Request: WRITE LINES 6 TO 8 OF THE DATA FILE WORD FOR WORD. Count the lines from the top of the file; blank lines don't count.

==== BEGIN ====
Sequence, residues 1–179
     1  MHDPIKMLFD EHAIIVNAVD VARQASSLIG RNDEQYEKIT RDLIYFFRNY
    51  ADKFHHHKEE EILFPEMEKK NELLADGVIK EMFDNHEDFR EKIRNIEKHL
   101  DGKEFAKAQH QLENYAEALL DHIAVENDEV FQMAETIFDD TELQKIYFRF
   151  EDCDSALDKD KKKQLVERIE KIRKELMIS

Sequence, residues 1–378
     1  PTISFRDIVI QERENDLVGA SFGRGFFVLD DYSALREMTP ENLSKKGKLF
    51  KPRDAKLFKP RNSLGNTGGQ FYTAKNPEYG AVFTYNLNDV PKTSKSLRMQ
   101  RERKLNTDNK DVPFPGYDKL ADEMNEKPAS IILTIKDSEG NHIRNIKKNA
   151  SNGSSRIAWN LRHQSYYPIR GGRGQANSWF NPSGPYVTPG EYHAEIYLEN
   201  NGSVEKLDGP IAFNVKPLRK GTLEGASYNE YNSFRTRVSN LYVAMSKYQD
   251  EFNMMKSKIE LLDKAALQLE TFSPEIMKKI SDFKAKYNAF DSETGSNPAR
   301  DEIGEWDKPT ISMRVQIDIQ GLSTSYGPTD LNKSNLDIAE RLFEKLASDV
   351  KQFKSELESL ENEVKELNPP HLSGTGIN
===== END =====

Sequence, residues 1–378
     1  PTISFRDIVI QERENDLVGA SFGRGFFVLD DYSALREMTP ENLSKKGKLF
    51  KPRDAKLFKP RNSLGNTGGQ FYTAKNPEYG AVFTYNLNDV PKTSKSLRMQ